Despite rocky market conditions, Americans keep feeding their 401(k) plans, at least according to research from Fidelity Investments. At the same time, more people are taking hardship withdrawals from these plans.
A study released this week based on Fidelity's 16,723 defined contribution (DC) plans found the average pre-tax amount employees contributed to their plans ticked up 1.4% during the first half of 2008, to $3,187, versus the year-earlier period. People who participated in the same company savings plan during both years increased their pre-tax contribution by 7%, to $3,512.
But due to sour market conditions, the average account balance slumped 7.5% at the end of June, to $64,000, from $69,200 a year ago. Among those who stayed in the same plan both years, the average account balance dipped just 1%. The S&P plunged 15% during that time.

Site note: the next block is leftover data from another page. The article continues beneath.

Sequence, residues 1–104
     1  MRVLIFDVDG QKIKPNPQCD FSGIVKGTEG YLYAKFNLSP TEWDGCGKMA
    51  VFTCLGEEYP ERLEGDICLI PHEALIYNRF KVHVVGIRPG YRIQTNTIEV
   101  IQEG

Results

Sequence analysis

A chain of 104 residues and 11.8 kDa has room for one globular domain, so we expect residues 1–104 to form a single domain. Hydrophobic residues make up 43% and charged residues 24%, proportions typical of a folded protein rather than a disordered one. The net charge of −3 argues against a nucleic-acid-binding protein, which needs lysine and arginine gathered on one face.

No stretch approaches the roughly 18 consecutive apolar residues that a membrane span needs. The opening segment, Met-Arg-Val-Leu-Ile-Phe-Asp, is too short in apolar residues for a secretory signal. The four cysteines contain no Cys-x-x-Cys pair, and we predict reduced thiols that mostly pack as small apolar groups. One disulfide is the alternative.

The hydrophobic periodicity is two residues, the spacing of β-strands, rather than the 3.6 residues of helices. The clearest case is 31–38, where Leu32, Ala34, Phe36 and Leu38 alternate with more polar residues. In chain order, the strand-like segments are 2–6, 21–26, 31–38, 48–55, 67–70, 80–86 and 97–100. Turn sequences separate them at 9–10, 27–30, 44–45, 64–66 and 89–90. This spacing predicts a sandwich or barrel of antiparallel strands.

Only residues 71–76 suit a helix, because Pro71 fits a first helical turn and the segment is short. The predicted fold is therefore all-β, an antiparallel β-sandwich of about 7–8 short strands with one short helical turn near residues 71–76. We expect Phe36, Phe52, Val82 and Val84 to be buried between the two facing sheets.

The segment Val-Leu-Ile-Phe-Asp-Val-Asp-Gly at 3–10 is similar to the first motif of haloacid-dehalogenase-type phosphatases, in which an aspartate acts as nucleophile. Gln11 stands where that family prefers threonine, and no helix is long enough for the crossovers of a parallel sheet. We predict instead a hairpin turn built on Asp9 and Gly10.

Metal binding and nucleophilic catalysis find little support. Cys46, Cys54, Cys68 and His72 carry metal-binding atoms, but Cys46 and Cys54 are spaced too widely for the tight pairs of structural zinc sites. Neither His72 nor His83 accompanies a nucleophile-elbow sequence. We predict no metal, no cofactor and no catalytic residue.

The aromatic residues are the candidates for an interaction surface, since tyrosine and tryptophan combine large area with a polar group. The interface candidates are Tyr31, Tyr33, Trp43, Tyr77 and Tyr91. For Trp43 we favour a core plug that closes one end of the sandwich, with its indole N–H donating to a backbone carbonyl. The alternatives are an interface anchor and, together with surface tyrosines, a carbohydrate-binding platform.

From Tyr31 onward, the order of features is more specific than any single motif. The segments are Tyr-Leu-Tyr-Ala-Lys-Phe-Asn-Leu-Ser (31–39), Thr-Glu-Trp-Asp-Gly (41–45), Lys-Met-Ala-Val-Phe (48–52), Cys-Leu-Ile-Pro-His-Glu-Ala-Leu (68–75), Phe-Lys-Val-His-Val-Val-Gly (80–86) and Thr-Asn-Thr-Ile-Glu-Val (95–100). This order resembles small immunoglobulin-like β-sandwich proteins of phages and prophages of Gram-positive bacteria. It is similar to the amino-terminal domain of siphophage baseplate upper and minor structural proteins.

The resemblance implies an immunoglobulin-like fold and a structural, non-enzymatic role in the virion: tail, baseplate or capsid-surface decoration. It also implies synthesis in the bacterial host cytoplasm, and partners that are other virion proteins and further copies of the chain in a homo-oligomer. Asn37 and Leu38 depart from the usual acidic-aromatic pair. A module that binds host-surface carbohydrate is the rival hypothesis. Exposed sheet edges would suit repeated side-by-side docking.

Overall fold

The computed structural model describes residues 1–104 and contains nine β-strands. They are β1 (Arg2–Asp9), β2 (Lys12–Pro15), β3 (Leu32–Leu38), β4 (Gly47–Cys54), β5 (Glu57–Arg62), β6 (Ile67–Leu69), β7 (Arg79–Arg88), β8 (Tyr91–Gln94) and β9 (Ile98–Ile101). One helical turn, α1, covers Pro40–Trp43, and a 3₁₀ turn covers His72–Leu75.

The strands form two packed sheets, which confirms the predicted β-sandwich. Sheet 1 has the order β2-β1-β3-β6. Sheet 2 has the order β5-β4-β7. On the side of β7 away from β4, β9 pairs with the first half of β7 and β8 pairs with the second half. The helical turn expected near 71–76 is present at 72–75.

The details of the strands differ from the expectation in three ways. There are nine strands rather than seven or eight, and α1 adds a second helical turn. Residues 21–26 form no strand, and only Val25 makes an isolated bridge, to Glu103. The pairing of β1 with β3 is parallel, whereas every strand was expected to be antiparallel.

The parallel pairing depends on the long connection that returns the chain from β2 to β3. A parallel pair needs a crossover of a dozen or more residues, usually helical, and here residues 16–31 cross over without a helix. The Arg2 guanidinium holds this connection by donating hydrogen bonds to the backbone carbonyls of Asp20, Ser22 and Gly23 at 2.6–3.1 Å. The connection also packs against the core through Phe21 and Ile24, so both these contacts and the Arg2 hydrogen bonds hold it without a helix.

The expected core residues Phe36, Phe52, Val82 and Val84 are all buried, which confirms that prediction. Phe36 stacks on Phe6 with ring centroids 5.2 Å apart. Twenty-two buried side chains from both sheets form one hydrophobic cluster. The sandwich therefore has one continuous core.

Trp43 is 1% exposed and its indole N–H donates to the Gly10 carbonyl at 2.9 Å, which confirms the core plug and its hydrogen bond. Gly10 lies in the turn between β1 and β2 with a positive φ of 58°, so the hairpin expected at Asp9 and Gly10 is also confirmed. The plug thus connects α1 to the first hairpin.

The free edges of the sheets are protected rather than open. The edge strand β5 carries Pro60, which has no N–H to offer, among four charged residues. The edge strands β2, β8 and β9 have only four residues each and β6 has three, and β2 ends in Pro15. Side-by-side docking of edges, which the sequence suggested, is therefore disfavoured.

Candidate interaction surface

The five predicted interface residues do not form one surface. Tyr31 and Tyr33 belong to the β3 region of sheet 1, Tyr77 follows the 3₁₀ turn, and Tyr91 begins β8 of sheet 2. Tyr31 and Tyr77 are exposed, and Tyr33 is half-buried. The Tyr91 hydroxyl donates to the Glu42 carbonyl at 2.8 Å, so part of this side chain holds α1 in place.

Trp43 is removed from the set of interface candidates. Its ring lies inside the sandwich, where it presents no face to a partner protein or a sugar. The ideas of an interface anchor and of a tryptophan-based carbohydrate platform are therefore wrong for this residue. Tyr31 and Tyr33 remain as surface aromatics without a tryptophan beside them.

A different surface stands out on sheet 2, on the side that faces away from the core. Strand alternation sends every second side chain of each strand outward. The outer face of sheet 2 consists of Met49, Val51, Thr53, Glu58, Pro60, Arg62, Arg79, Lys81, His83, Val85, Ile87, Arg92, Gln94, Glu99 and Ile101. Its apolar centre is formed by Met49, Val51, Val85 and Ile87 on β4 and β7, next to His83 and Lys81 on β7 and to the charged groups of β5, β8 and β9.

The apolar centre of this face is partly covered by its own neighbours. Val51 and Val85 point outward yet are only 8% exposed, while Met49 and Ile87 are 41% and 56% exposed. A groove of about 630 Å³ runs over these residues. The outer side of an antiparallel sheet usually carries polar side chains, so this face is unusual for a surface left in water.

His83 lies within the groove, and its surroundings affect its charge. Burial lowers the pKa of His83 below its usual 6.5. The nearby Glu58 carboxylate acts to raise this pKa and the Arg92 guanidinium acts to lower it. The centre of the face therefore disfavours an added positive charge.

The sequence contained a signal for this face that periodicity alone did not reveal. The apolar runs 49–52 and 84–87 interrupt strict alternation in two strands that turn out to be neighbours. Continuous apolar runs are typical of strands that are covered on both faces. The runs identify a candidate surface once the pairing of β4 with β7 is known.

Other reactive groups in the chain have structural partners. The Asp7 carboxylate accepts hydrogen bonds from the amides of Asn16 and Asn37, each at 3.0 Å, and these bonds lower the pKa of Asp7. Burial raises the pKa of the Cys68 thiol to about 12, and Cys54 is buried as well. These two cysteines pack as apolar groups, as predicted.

Fidelity also reported that 0.60% of employees took hardship withdrawals from defined contribution plans in the June quarter, up 7% from the same period in 2007.
Hardship withdrawals enable plan participants to take out a part of their contributions to a defined contribution plan to meet a pressing financial need. These needs are defined by the Internal Revenue Service, as well as by provisions in each plan. But such withdrawals come at a price: the money is taxed at ordinary income-tax rates and is exposed to an additional 10% tax on pre-tax amounts withdrawn.
But Fidelity stresses that the total number of people taking hardship withdrawals remains a tiny minority of DC plan participants--just 1.6% on an annualized basis through this year's first half.